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From Erik Hatcher <>
Subject Re: sounds like spellcheck
Date Wed, 09 Feb 2005 13:30:39 GMT
On Feb 9, 2005, at 7:23 AM, Aad Nales wrote:
> In my Clipper days I could build an index on English words using a 
> technique that was called soundex. Searching in that index resulted in 
> hits of words that sounded the same. From what i remember this 
> technique only worked for English. Has it ever been generalized?

I do not know how Soundex/Metaphone/Double Metaphone work with 
non-English languages, but these algorithms are in Jakarta Commons 
Codec.  I used the Metaphone algorithm as a custom analyzer example in 
Lucene in Action.  You'll see it in the source code distribution under 
src/lia/analysis/codec.  I did a couple of variations, one that adds 
the metaphoned version as a token in the same position and one that 
simply replaces it in the token stream.

I even envisioned this sounds-like feature being used for children.  I 
was mulling over this idea while having lunch with my son one day last 
spring (he was 5 at the time).  I asked him how to spell "cool cat" and 
he replied "c-o-l c-a-t".  I tried it out with the metaphone algorithm 
and it matches!


> What i am trying to solve is this. A customer is looking for a 
> solution to spelling mistakes made by children (upto 10) when typing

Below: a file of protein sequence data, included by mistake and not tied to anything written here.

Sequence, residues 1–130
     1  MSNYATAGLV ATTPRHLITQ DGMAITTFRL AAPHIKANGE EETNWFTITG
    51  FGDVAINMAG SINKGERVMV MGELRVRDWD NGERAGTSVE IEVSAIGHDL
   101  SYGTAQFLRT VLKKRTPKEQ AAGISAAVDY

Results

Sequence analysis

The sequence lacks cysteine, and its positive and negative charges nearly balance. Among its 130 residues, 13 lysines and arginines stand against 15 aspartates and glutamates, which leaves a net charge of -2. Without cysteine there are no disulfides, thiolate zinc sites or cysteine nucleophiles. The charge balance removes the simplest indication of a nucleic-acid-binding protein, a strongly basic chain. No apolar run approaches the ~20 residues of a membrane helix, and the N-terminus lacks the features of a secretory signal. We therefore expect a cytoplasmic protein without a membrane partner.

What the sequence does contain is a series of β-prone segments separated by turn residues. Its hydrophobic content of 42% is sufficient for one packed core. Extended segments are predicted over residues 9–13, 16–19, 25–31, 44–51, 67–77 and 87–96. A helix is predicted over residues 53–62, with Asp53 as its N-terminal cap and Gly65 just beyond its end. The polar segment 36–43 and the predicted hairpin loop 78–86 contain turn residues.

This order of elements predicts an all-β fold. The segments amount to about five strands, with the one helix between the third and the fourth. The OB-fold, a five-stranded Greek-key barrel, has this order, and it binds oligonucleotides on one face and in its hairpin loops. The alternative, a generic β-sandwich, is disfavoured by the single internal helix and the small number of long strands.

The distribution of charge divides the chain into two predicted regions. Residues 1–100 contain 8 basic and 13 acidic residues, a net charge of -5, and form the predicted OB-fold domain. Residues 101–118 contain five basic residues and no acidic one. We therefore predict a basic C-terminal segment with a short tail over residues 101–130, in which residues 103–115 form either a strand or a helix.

> in queries. The site is Dutch. Common mistakes are 'sgool' when 
> searching for 'school'. The 'normal' spellcheckers and suggestors 
> typically generate a list where the 'sounds like' candidates' are too 
> far away from the result. So what I am thinking about doing is this:
> 1. create a parser that takes a word and creates a soundindex entry.
> 2. create list of 'correctly' spelled words either based on the index 
> of the website or on some kind of dictionary.
> 2a. perhaps create a n-gram index based on these words
> 3. accept a query, figure out that a spelling mistake has been made
> 3a find alternatives by parsing the query and searching the 'sound 
> like index' and then calculate and order  the results
> Steps 2 and 3 have been discussed at length in this forum and have 
> even made it to the sandbox. What I am left with is 1.
> My thinking is processing a series of replacement statements that go 
> like:
> --
> g sounds like ch if the immediate predecessor is an s.
> o sounds like oo if the immediate predecessor is a consonant
> --
> But before I takes this to the next step I am wondering if anybody has 
> created or thought up alternative solutions?
> Cheers,
> Aad
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